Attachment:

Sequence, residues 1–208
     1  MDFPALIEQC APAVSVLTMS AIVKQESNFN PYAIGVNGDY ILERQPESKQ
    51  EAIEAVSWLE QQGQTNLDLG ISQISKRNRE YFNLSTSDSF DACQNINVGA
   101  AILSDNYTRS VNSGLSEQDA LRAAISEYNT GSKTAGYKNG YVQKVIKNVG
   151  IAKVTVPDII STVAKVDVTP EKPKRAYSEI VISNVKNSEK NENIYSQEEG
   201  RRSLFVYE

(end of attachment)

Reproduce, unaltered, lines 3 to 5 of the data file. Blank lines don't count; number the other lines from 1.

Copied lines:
    51  EAIEAVSWLE QQGQTNLDLG ISQISKRNRE YFNLSTSDSF DACQNINVGA
   101  AILSDNYTRS VNSGLSEQDA LRAAISEYNT GSKTAGYKNG YVQKVIKNVG
   151  IAKVTVPDII STVAKVDVTP EKPKRAYSEI VISNVKNSEK NENIYSQEEG